Flowers for Algernon – Daniel Keyes – This was a short novel that we studied in third year English, when I was about fourteen. The story always stayed with me due to its emotional impact, and again shows the importance of teachers taking the time to introduce powerful fiction into the classroom. It’s about an experiment in human intelligence, where Charlie Gordon, (who has an IQ of 68), is turned into a genius. He is the first human subject to take part in the experiment. Algernon is a mouse who underwent the experimental brain surgery, and the book follows both of their progress. What I loved about this was the narrative technique used – the story is told through Charlie’s progress reports which capture his naivety then superior intelligence in an emotional and thought-provoking way. It taught me the power of simplistic story-telling and how writers through their own experimentation can create characters which stay with you for a lifetime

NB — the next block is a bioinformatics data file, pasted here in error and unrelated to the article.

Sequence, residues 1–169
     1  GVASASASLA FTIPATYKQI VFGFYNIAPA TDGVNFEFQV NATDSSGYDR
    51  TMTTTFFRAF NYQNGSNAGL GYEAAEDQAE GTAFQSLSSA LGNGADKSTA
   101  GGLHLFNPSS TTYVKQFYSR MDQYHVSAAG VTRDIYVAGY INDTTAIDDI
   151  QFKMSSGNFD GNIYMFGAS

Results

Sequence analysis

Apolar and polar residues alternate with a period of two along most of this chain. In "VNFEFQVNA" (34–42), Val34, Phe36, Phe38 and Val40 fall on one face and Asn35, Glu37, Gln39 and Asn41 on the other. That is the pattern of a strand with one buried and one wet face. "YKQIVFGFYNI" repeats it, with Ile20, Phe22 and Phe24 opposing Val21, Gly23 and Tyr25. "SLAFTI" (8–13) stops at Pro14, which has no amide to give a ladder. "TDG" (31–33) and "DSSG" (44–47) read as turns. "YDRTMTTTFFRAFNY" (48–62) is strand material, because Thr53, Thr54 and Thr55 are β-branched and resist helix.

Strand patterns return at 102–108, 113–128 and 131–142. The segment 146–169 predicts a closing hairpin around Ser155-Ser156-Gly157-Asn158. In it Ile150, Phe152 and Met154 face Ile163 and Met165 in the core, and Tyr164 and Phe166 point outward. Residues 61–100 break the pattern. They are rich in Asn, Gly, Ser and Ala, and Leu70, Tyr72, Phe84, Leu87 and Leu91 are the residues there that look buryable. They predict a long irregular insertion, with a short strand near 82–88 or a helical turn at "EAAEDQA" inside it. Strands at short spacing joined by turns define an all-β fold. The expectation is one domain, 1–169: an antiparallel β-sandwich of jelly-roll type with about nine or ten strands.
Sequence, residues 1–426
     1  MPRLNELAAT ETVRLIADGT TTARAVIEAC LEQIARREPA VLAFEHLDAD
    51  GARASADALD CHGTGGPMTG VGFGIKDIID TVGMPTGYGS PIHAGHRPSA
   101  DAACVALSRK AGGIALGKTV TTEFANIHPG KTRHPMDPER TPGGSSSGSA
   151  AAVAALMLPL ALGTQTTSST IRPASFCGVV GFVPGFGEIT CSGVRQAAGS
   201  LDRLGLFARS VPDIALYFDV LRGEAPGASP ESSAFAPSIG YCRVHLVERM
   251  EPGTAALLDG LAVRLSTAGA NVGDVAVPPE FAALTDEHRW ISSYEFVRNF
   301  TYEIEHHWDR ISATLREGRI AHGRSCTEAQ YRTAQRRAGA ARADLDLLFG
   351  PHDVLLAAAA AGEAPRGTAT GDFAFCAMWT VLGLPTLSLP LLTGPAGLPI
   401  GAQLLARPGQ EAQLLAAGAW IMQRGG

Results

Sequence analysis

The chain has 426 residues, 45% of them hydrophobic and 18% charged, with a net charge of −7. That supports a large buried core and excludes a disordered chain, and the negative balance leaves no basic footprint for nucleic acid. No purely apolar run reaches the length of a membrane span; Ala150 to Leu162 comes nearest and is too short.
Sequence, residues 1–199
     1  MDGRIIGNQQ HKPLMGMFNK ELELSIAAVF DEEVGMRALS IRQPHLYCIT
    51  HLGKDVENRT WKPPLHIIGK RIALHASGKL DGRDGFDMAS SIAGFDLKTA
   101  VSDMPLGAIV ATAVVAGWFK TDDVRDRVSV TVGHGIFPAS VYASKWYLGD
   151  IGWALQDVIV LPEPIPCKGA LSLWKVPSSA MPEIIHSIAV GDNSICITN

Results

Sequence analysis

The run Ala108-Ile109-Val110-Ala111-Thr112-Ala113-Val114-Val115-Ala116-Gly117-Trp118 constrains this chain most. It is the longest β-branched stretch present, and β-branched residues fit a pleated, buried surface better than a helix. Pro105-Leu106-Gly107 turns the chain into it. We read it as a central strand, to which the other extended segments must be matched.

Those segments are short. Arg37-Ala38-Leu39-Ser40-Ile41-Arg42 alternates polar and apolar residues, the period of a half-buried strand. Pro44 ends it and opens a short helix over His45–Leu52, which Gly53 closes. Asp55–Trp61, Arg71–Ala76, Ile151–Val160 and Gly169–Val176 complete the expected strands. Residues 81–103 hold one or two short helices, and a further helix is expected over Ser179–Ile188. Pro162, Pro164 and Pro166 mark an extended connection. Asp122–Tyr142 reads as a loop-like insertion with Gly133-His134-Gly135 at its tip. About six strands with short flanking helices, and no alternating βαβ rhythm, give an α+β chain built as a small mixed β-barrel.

White Oleander by Janet Fitch – In my early twenties my Mum gave me Janet Fitch’s, ‘White Oleander’ to read, and, captivated by her lyrical writing style, I made a promise to myself that one day I would become as good a writer as her. The protagonist Astrid and her manipulative mother are drawn so well, with real depth to Astrid’s journey of self-discovery. It spurred me on to keep writing and to keep learning. Every brilliantly written book I read makes me want to better my craft, but something about the timing of this book made me realise it was time to get serious and send my work out into the world